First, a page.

WASHINGTON, D.C.–Senate Majority Leader Harry Reid released this statement following President Bush’s comments at the White House Tuesday morning:
The President apparently remains in a dangerous state of denial about the situation on the ground in Iraq and its impact on our security at home. Although the President rightly stated that the American people voted against failure in Iraq last November, they also clearly voted against a policy that is leading us to failure – and that’s what the President’s stay the course strategy does.
While ten more of our brave men and women died yesterday in one of the deadliest days of this war, President Bush continues to offer more of the same: a failed policy that has our troops mired in an open-ended civil war that risks our security at home. The Iraq policy set forth in the Supplemental bill has been supported by the American people, senior military leaders and a bipartisan majority in Congress. It changes the course by fully funding our troops and providing a responsible end to this war. It holds the Iraqis accountable for securing their nation and forging political reconciliation. It ensures our troops are combat-ready before being deployed to Iraq, and provides them with all the resources needed on the battlefield and when they return.
Most importantly, it recognizes that each day we stay the course in Iraq further weakens our fight against terrorism and other threats throughout the world. The President repeatedly used the phrase “precipitous withdrawal” in his remarks. There is nothing precipitous about insisting that the President change course after more than four years of his failed policy. We hope the President will join us in giving our troops the resources and strategy they need and deserve.
The Supplemental Changes the Course in Iraq
The President’s stay-the-course strategy isn’t working. The supplemental bill being voted on this week in the Senate and the House provides full funding for the troops and a change in the strategy. The President should drop his veto threat and sign this important bill.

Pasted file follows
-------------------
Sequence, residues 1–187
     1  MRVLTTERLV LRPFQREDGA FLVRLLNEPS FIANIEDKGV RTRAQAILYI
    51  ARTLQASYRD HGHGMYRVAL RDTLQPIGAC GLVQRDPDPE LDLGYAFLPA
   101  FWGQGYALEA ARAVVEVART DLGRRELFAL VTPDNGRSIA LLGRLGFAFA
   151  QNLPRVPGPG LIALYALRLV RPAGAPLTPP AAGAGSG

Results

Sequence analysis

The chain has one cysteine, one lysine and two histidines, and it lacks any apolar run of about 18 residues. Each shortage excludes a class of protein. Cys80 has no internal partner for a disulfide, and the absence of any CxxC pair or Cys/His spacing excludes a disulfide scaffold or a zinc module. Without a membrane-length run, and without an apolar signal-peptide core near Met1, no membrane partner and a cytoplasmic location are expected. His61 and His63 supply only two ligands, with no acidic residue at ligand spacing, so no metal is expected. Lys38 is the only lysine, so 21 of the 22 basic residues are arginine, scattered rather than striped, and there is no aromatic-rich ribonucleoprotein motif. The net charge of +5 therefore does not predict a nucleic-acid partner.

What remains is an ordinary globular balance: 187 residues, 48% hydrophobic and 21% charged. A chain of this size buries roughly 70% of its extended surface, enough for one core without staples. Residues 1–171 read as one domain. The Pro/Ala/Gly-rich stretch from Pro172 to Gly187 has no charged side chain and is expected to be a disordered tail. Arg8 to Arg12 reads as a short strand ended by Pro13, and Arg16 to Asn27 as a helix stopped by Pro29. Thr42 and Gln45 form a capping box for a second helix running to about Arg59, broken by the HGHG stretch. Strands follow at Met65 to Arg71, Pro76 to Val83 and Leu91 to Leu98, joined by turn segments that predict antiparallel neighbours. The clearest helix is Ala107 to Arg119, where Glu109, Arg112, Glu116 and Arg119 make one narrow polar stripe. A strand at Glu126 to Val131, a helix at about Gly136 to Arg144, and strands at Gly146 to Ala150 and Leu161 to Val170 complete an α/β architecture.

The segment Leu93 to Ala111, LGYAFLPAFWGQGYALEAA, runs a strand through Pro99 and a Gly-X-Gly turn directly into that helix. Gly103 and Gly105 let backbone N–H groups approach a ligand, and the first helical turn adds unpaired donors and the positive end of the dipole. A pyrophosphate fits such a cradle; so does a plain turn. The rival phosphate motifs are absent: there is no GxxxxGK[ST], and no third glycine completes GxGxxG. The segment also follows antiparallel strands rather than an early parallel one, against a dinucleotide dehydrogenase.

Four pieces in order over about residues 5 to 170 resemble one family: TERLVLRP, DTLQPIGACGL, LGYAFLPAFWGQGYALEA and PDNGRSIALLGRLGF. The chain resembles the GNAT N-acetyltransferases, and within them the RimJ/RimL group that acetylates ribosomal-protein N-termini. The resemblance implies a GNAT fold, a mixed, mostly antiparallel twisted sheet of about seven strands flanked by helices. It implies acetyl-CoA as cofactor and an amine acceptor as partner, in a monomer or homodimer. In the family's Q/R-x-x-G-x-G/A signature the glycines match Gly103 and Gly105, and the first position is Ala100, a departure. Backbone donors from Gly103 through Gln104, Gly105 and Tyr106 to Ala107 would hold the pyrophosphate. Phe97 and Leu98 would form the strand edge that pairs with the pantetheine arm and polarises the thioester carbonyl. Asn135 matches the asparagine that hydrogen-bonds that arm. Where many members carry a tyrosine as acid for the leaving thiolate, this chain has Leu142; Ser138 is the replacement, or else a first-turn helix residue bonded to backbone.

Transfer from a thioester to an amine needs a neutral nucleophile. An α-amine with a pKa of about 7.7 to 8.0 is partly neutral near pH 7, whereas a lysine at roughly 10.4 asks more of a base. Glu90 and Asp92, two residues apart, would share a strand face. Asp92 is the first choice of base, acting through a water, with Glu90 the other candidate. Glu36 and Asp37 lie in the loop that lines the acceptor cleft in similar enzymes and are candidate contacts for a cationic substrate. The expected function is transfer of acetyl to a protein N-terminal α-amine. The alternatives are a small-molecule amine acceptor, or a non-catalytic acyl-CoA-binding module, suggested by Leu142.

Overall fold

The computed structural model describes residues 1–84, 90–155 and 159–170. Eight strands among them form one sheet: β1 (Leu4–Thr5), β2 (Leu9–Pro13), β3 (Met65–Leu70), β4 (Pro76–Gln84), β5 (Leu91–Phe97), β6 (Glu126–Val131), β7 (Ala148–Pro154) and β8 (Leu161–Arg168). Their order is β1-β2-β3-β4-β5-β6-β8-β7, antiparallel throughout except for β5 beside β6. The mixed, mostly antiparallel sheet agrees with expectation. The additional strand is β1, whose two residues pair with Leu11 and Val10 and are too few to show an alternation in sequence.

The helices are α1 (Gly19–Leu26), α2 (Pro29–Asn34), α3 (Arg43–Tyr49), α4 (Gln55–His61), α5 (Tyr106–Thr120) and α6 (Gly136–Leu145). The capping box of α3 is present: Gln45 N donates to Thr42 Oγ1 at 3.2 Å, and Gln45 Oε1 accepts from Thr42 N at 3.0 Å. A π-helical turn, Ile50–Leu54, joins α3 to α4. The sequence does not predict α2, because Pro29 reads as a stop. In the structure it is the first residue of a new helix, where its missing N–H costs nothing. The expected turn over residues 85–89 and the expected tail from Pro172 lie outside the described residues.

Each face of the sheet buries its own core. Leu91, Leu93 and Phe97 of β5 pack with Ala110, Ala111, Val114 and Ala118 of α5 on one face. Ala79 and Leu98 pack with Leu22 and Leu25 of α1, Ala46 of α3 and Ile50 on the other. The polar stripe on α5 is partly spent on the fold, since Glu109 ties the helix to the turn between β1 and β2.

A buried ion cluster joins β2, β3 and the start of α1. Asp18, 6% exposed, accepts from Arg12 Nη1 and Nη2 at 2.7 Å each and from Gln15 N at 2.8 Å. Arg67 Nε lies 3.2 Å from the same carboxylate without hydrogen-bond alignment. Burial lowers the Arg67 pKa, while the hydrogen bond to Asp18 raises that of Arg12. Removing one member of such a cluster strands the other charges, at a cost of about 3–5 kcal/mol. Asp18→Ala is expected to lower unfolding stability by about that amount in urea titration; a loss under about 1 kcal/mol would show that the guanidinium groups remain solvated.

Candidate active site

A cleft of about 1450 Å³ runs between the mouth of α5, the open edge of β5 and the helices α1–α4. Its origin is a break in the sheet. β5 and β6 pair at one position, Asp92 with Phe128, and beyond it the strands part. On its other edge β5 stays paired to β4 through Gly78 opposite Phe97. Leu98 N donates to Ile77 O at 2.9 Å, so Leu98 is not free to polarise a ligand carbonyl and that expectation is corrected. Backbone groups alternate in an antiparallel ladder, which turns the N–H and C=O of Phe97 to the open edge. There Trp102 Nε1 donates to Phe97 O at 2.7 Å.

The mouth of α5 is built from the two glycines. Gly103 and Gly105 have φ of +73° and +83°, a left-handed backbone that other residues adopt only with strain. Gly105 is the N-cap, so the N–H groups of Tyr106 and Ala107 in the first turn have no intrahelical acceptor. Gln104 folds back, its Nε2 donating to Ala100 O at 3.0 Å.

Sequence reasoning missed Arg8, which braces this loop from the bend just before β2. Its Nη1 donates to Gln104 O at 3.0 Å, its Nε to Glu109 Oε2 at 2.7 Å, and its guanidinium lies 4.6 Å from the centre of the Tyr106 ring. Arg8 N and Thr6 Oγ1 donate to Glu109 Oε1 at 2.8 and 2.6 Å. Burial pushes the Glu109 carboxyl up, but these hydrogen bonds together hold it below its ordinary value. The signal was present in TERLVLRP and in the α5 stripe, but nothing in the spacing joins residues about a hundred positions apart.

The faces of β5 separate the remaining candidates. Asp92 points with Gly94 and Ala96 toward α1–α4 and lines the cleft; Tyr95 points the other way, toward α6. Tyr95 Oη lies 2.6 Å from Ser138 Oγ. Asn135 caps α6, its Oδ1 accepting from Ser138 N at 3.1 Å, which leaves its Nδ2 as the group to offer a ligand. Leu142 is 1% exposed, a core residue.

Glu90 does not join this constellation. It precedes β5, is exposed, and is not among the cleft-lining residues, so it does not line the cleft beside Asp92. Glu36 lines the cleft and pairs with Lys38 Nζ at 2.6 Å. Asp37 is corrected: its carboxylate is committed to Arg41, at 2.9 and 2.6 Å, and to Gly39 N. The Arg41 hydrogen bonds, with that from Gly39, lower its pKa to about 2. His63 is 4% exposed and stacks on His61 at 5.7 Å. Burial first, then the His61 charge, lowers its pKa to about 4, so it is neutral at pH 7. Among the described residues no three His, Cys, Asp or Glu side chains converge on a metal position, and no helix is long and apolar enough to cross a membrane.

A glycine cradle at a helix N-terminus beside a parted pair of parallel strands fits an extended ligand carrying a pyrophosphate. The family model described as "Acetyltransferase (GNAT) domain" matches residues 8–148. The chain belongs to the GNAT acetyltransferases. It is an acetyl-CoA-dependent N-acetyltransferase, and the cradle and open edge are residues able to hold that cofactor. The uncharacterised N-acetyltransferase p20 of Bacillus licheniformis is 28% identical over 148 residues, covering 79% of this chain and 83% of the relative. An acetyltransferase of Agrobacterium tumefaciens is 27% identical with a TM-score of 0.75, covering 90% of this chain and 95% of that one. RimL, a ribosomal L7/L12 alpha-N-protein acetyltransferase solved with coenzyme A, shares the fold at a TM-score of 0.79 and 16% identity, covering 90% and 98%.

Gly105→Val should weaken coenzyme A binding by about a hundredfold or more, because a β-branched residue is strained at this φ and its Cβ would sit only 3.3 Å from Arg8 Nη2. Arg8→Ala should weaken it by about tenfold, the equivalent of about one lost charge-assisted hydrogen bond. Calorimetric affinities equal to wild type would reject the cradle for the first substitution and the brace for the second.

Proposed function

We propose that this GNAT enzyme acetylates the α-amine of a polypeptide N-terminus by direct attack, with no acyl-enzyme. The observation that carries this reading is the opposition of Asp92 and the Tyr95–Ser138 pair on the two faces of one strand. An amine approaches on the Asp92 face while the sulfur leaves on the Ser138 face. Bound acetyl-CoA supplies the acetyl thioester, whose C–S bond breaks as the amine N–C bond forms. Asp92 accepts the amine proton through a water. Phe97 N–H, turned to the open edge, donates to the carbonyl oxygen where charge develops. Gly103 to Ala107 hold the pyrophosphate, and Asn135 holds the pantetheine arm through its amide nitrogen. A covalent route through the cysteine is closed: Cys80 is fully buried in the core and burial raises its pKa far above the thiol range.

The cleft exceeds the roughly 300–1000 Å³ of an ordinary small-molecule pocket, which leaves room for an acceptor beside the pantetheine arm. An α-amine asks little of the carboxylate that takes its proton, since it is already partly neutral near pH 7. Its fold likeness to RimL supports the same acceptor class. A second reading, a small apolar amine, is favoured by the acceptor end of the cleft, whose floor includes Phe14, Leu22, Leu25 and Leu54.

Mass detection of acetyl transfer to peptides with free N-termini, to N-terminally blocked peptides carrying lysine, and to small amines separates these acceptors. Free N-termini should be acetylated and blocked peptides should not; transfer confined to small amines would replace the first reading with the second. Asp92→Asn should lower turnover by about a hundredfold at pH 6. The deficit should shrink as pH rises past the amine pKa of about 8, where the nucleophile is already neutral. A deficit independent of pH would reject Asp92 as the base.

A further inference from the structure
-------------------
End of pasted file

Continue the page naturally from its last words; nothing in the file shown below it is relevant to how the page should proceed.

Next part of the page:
The Supplemental Changes the Course in Iraq
1) Transitions the U.S. mission away from policing a civil war to training and equipping Iraqi security forces, protecting U.S. forces and conducting targeted counter-terror operations.
Why we need to transition the mission in Iraq:
- The United States has given up on training Iraqi troops. “Military planners have abandoned the idea that standing up Iraqi troops will enable American soldiers to start coming home soon and now believe that U.S. troops will have to defeat the insurgents and secure control of troubled provinces. Training Iraqi troops, which had been the cornerstone of the Bush administration’s Iraq policy since 2005, has dropped in priority, officials in Baghdad and Washington said.” (McClatchy, 4/19/07)
- The Iraq Study Group said that training and equipping Iraqi forces was the most important mission. “The primary mission of U.S. forces in Iraq should evolve to one of supporting the Iraqi army, which would take over primary responsibility for combat operations…A vital mission of those rapid reaction and special operations forces would be to undertake strikes against al Qaeda in Iraq.” (Iraq Study Group Report, 12/06)
2) Begins the phased redeployment of our troops no later than October 1, 2007, with a goal of removing all combat forces by April 1, 2008, except for those carrying out security, training and counter-terror operations. .
Why we need a phased redeployment:
- The Iraq Study Group supported a phased redeployment of forces from Iraq. “While these efforts are building up, and as additional Iraqi brigades are being deployed, U.S. combat brigades could begin to move out of Iraq. By the first quarter of 2008, subject to unexpected developments in the security situation on the ground, all combat brigades not necessary for force protection could be out of Iraq.” (Iraq Study Group Report, 12/06)